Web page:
Pheasants Forever is proud to announce a new outdoor access initiative with the goal of enrolling 10,000 acres per year in South Dakota. The Public Access to Habitat (PATH) program will accelerate the statewide enrollment of lands in long-term conservation programs while bolstering participation in South Dakota Game, Fish and Parks’ (GFP) Walk-In Area (WIA) program. The inaugural year, fully funded at $250K through national sponsors onX Hunt and South Dakota Tourism, will open enrollment to landowners starting on September 1, 2023.
“PATH has all the ingredients to be a major statewide success for landowners, wildlife, hunters and rural communities in The Pheasant Capital,” said Matt Gottlob, Pheasants Forever’s state coordinator in South Dakota. “Through our tremendous partnerships with onX Hunt, South Dakota Tourism and GFP, this initiative can dramatically expand habitat and access in the world’s premier upland hunting destination. We view Public Access to Habitat as a win-win for landowners and hunters alike and designed it to be scalable for years to come.”
Additive to the current GFP Walk-In Area program and administered in a similar manner, PATH provides an additional sign-up incentive of up to $25 per acre, paid in advance, in return for 10 years of undisturbed habitat and access on private lands. Landowners work directly with biologists from Pheasants Forever or GFP for site evaluation and implementation, following approval from a review panel. When combined with other financial incentives (signing bonus and payment for Walk-in Access + conservation program payment), PATH enrollments pay landowners a competitive rate for a decade of habitat and access stewardship.
“Voluntary public access programs like PATH are what help make South Dakota a premier upland hunting destination,” said onX Hunt wingshooting manger, Ben Brettingen. “An impressive 1.4M acres, or nearly 30 percent of the state’s huntable grounds are accessible thanks to these unique agreements between private landowners and outdoorsmen facilitated by organizations like Pheasants Forever and South Dakota GFP. We’re proud to support Pheasants Forever and their mission of habitat conservation and access – helping expand hunting opportunity for the future and preserving sporting traditions for years to come.”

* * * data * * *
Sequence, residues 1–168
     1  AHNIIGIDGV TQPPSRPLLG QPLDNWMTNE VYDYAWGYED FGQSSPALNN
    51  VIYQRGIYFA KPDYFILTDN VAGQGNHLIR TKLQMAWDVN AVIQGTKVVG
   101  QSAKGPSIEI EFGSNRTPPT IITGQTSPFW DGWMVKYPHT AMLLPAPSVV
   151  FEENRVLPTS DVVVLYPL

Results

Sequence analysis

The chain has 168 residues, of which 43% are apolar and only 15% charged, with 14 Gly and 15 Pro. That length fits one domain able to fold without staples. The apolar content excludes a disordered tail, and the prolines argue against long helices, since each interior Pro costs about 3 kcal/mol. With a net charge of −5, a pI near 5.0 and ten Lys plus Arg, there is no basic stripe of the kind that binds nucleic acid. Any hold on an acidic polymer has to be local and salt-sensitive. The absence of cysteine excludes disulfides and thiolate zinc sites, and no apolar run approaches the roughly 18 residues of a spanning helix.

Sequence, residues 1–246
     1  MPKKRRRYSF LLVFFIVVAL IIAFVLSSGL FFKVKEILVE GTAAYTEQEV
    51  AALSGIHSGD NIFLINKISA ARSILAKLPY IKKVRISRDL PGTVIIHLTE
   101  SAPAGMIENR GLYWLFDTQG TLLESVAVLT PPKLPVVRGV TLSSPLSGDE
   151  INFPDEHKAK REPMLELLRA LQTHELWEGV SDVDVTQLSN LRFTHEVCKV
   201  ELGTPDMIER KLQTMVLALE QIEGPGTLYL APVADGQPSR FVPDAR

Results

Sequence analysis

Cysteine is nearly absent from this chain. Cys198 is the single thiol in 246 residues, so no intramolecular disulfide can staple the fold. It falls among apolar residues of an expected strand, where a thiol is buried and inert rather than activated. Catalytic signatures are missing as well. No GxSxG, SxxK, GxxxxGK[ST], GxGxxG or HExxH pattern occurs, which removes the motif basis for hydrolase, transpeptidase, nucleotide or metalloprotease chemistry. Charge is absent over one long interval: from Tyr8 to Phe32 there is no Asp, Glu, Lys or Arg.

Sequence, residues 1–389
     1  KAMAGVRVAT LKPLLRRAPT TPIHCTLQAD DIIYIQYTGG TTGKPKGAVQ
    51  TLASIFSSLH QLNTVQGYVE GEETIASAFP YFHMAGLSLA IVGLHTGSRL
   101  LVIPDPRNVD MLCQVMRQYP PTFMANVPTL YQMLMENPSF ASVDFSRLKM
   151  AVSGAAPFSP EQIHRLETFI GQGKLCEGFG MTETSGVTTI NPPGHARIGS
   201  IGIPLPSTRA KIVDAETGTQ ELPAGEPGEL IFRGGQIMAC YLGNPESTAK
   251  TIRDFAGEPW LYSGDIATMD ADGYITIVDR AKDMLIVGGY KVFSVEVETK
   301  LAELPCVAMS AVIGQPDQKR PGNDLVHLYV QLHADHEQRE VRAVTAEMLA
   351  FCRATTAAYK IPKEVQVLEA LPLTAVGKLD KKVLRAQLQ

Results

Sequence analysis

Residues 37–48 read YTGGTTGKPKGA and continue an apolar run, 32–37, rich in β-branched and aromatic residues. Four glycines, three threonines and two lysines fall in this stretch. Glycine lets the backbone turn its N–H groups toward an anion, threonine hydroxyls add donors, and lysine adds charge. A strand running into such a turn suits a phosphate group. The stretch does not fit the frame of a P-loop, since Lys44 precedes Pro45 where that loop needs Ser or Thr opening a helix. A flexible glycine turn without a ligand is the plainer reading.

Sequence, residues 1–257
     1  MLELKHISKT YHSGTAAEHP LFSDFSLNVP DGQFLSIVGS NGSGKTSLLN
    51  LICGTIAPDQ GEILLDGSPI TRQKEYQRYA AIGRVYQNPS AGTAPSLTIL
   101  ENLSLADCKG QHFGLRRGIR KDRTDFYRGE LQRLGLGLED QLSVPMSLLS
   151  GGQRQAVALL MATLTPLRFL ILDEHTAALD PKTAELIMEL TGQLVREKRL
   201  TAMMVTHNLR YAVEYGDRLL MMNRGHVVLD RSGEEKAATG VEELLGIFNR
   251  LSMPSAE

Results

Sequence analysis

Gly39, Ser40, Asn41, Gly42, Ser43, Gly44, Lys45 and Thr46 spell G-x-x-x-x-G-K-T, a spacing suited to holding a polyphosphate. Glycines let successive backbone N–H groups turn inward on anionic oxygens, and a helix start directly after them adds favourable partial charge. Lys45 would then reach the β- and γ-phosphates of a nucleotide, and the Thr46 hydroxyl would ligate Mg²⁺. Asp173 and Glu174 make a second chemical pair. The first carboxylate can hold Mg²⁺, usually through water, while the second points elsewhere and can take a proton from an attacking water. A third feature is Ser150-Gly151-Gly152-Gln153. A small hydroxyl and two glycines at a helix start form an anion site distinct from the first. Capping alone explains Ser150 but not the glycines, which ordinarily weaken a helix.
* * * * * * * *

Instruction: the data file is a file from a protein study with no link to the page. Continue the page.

Public Access to Habitat Guidelines:
· CRP and high-quality undisturbed habitat are incentivized at a base rate of up to $25/acre
· Habitat must remain undisturbed annually, outside of required management practices
· Shelterbelts, wetlands, CRP, easements, existing grass qualify for the program
· Managed rangelands are also eligible with similar payment rates to GFP
· Minimum PATH contract length of 10 years
· All PATH enrollments require a GFP Walk-In Area contract
· Managed rangelands/working lands are also eligible with payment rates similar to GFP rates
For more information about the Public Access to Habitat initiative with examples of funding for landowners, click here to visit the webpage. For landowners interested in enrollment opportunities, find your nearest biologist by visiting pheasantsforever.org/Habitat/findBiologist.aspx.
Thanks to the inaugural year of financial support from onX and South Dakota Tourism, Pheasants Forever is actively fundraising for the next 10,000 acres of enrollment. For individuals and businesses interested in sponsoring PATH acres in South Dakota, contact South Dakota development officer Jake Hanson at (605) 880-1659.
About Pheasants Forever
Pheasants Forever and Quail Forever make up the nation's largest nonprofit organization dedicated to upland habitat conservation. This community of more than 400,000 members, supporters and partners is dedicated to the protection of our uplands through habitat improvement, public access, education and advocacy. A network of 754 local chapters spread across North America determine how 100 percent of their locally raised funds are spent — the only national conservation organization that operates through this grassroots structure. Since its creation in 1982, the organization has dedicated more than $1 billion to 575,000 habitat projects benefiting 24 million acres.